In other cases, major casting decisions can result in backstage face-offs between network bosses and the writer-producers who are overseeing the new series.
"It's always a question of leverage," Nunan says. "If it's a newbie show runner, they tend to fold like a tent."
The scramble to fix a show before the premiere is nothing new, of course. Some of the most famous series in TV history experienced eleventh-hour cast swaps. The pilot for the 1980s buddy detective hit "Cagney & Lacey" saw Loretta Swit opposite Tyne Daly, but Swit had to exit because of conflicts with her role on "MASH." She was replaced twice — first with Meg Foster, then Sharon Gless. Jeff Yagher is probably best-known today for being the actor bumped by Johnny Depp for the starring role on "21 Jump Street."
Producer Chuck Lorre and his team completely retooled a sitcom pilot about lovelorn tech nerds after CBS executives asked for more work on the show; they even recast the role of the hot girl across the hall. That show was "The Big Bang Theory" and the new actress was Kaley Cuoco, who replaced Amanda Walsh. (A spokesperson for Warner Bros. Television, which makes the series, said executives were not available to comment.)
But last-minute switches add an extra element of anxiety to an industry already awash in uncertainty.
Hiring new actors "can be a simpler fix than doing the heavy lifting that would come with a major overhaul of plot, rewriting dialogue and so on," says Jeffrey McCall, a media studies professor at DePauw University.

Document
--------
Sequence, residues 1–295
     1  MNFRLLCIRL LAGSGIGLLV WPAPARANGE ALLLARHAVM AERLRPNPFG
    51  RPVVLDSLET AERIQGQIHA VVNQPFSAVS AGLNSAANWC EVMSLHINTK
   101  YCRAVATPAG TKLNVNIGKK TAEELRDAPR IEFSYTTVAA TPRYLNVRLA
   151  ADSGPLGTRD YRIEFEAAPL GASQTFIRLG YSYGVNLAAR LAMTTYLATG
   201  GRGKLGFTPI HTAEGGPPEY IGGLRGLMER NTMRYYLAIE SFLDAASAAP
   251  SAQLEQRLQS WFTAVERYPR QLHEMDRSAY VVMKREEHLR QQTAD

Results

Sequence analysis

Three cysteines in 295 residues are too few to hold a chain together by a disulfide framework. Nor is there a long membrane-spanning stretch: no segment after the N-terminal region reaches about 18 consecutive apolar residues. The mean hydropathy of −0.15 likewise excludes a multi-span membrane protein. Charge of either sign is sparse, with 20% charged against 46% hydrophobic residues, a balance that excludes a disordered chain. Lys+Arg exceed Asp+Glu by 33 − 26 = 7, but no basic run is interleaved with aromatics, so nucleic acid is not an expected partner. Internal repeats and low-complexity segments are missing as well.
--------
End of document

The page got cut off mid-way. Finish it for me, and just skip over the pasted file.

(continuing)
Industry lore is filled with cautionary tales about the process. In 1997, NBC picked up "Union Square," a sitcom about a Cuban American lawyer living in New York, and eyed it for a plum time slot between "Friends" and "Seinfeld." The show was supposed to star comic actress Mel Gorham.
But after the pilot tested poorly, Gorham was quickly axed and replaced by Constance Marie. "Union Square" tanked anyway and was canceled midway through the first season.
"If the pilot is a mess and they hope recasting will make a difference, often it doesn't," Gold says.
If there is any good news for actors in this, it is that there are so many outlets today churning out original content — including major streaming players such as Amazon and Netflix as well as the typical cable and broadcast networks — that a performer with a strong resume is unlikely to be out of work for long.
Even so, actors who get the sack often try to remain conciliatory about their exit, at least in public. It is a relationship business, after all.
In May, after she was pushed out of her role as Zoe on Rhimes' "The Catch," Bethany Joy Lenz wrote on her social-media account: "Looks like they need a different type for ZOE, so I'll be replaced, but please still watch! It really is SUCH a good show and I'm so proud of my friends' work!"
In truth, recasting a pilot that was lucky enough to get a series order isn't easy for anyone involved. Especially in Hollywood, where feelings akin to superstition run rampant.
"There's an alchemy to our business that most of us are very, very nervous about messing with," Nunan says. "Once you get that golden ticket, which is a series order, it can be life-changing for everyone involved."